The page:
** Now back to the less nerdy parts of this post!**

While our guide gave the geology lesson, I was busy taking some more gorgeous pictures of the view:

Please forgive the shakiness in the videos in this post -- it was very, very windy at the top!

As well as pictures of Vesuvius’s crater:

As I mentioned in the “geology lesson,” you can’t see the actual liquid lava in the crater, only the hardened lava-turned-rocks.  You can, however, see steam vents around the crater itself.

Not very clear here, but there is steam!
After our guide finished speaking, we were free to keep walking around Vesuvius’s summit or head back down to the parking lot.  Mr. L and I chose to explore for a little while longer, stopping for some photo opportunities along the way.

It's a long way down!
Walking around the crater to the southern side of the volcano

Sorrento out in the distance
View of Sorrento, the bay, and the island of Capri in the top right corner

We also found this picture of the Virgin Mary, Jesus, and Vesuvius at the summit, along with a poem.

Very roughly translated, it read (some of this is probably incorrect -- if it is, blame Google Translate!):

“O Mary, Queen Mother of the Church of Naples, you who, at the foot of the cross, you received from Jesus, the apostle John as a child, and see accompanying from Vesuvius young people and families in our land.  Hail, Holy Mother, the prayer of those who make eye contact with the mountain, the thought turns to you and hope.  With you, Mary, we want to meet Jesus, seize his ways, announce to the world his love.  Amen.”

We took a few more minutes at the summit, taking pictures of the view, the rocks, and ourselves.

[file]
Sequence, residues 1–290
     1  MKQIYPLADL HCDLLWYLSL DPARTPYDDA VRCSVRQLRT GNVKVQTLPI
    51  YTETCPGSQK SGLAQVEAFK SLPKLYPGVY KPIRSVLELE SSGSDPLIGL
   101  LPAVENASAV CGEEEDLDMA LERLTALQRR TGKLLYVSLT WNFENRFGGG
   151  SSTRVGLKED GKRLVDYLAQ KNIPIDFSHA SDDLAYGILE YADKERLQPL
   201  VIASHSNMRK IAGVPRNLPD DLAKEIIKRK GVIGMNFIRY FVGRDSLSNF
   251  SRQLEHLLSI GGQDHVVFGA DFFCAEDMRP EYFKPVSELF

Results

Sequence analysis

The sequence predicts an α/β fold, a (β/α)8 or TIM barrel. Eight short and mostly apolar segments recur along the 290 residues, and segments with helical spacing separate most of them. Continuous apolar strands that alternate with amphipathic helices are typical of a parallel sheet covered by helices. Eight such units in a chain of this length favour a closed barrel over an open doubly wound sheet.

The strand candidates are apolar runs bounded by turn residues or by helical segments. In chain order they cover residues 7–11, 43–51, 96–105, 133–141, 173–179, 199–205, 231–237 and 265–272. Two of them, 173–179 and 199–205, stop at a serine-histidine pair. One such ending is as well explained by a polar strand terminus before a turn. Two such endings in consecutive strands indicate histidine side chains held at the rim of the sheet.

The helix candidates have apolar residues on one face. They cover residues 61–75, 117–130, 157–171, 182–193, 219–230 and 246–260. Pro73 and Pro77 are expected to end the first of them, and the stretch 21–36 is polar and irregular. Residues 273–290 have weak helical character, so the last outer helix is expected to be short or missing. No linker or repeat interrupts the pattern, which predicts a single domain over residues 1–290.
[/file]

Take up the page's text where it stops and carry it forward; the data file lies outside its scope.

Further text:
The Landrums on Vesuvius

Yes, I just so happen to like rocks!  :)
Then we made the much easier trip back to the parking lot.  I snapped a few more pictures of the little store area at the lot and we drove back to port and our cruise ship.

Puppies on the volcano
Vesuvius souvenir shop -- the closest building to Vesuvius's crater
Various photos of Vesuvius
Goodbye, Vesuvius -- see ya in another life, brotha!
One last view from the bus
Back to the Jade!
After boarding, we went up on deck to take a few pictures of the city of Naples and Vesuvius.

Vesuvius as seen from the Jade -- it was pretty cool knowing that we'd just been up there!

Castel Nuovo, a castle in the middle of Naples -- it started construction in 1279 and is Naples's main symbol of architecture
Island of Ischia and the Mediterranean
Afterwards, our period of relaxation began, because the next day was a sea day – meaning no ports or itineraries, and we were definitely looking forward to the break.  We kicked back our heels and enjoyed the rest of our evening in Naples before we had to say goodbye.


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1 comment:

  1. [...] many days of shore excursions (including one that involved climbing a volcano!), we finally had a little more rest and relaxation in the form of a sea day.  Mr. L and I were [...]